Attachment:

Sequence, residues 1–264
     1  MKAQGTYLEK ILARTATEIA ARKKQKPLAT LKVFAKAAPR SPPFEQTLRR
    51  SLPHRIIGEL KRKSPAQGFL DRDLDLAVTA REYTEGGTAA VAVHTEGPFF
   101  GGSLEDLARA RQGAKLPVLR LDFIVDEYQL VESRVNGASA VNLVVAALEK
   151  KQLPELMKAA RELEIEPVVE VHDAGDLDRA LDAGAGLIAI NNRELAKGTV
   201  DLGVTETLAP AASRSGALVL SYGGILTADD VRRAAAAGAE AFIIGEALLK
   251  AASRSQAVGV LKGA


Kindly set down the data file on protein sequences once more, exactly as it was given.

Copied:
Sequence, residues 1–264
     1  MKAQGTYLEK ILARTATEIA ARKKQKPLAT LKVFAKAAPR SPPFEQTLRR
    51  SLPHRIIGEL KRKSPAQGFL DRDLDLAVTA REYTEGGTAA VAVHTEGPFF
   101  GGSLEDLARA RQGAKLPVLR LDFIVDEYQL VESRVNGASA VNLVVAALEK
   151  KQLPELMKAA RELEIEPVVE VHDAGDLDRA LDAGAGLIAI NNRELAKGTV
   201  DLGVTETLAP AASRSGALVL SYGGILTADD VRRAAAAGAE AFIIGEALLK
   251  AASRSQAVGV LKGA